Black Crosses Exist in Reality of War
Yesterday, reporters Dahr Jamail and Ali al-Fadhily released an article discussing claims that the American war in Iraq is a religious war against Islam. In the article, there are allegations of widespread vandalism against mosques and Korans by American soldiers. “Photographs are being circulated of black crosses painted on mosque walls and on copies of the Quran, and of soldiers dumping their waste inside mosques.”
The article itself does not show those photographs. Searching online, I can’t find any photographs of black crosses painted inside mosques. I can’t find much news about them either, or even blog discussions saying that they exist. I did find a transcript of Amy Goodman interviewing a soldier who was in Fallujah, referring to the rumors of vandalism. The soldier, however, said he had not seen any himself.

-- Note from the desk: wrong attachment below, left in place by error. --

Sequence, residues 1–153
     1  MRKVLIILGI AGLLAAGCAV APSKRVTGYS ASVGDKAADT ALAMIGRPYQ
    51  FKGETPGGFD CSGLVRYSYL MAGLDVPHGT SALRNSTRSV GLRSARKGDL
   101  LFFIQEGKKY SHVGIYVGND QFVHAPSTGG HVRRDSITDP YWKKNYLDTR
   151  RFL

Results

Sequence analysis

This is not to say that the claims are false. Certainly, many people in Iraq don’t have reliable access to electricity right now, much less access to the Internet through which they could publish evidence.
More fundamentally, it doesn’t matter whether Americans have really been painting black crosses inside mosques in Iraq. What matters is that many Iraqis believe that this Christian vandalism is taking place. What George W. Bush and his pro-war followers never seem to have considered is that their war, instead of bringing clarity, would damage the ability of people, in Iraq and in the United States alike, to determine what is real and what is not. Given this ambiguity, the rumors of black crucifixes painted in Iraqi mosques acquire an operational reality.
No surge in the number of American soldiers can overcome the news of outrageous acts that have not been seen but are nonetheless believed. In 2008, we need to choose a new President who understands that beliefs are stronger than bullets, and will seek to persuade rather than invade.